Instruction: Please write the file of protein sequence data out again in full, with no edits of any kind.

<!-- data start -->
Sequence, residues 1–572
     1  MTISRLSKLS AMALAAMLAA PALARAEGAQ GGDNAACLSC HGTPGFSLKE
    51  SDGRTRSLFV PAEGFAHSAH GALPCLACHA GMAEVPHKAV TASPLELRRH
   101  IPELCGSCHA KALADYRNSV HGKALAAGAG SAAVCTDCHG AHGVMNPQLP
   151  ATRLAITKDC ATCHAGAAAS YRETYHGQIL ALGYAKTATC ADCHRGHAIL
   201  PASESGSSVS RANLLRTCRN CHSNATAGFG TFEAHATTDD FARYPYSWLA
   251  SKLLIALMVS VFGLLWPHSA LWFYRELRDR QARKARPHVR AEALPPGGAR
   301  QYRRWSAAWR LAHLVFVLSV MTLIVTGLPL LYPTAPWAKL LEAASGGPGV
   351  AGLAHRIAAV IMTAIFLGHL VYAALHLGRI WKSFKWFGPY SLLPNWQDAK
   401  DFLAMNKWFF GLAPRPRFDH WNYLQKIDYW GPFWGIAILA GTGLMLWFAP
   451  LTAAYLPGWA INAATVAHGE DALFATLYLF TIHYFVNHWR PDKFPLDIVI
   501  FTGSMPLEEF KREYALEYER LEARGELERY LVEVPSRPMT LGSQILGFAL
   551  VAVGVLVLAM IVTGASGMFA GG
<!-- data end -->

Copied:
Sequence, residues 1–572
     1  MTISRLSKLS AMALAAMLAA PALARAEGAQ GGDNAACLSC HGTPGFSLKE
    51  SDGRTRSLFV PAEGFAHSAH GALPCLACHA GMAEVPHKAV TASPLELRRH
   101  IPELCGSCHA KALADYRNSV HGKALAAGAG SAAVCTDCHG AHGVMNPQLP
   151  ATRLAITKDC ATCHAGAAAS YRETYHGQIL ALGYAKTATC ADCHRGHAIL
   201  PASESGSSVS RANLLRTCRN CHSNATAGFG TFEAHATTDD FARYPYSWLA
   251  SKLLIALMVS VFGLLWPHSA LWFYRELRDR QARKARPHVR AEALPPGGAR
   301  QYRRWSAAWR LAHLVFVLSV MTLIVTGLPL LYPTAPWAKL LEAASGGPGV
   351  AGLAHRIAAV IMTAIFLGHL VYAALHLGRI WKSFKWFGPY SLLPNWQDAK
   401  DFLAMNKWFF GLAPRPRFDH WNYLQKIDYW GPFWGIAILA GTGLMLWFAP
   451  LTAAYLPGWA INAATVAHGE DALFATLYLF TIHYFVNHWR PDKFPLDIVI
   501  FTGSMPLEEF KREYALEYER LEARGELERY LVEVPSRPMT LGSQILGFAL
   551  VAVGVLVLAM IVTGASGMFA GG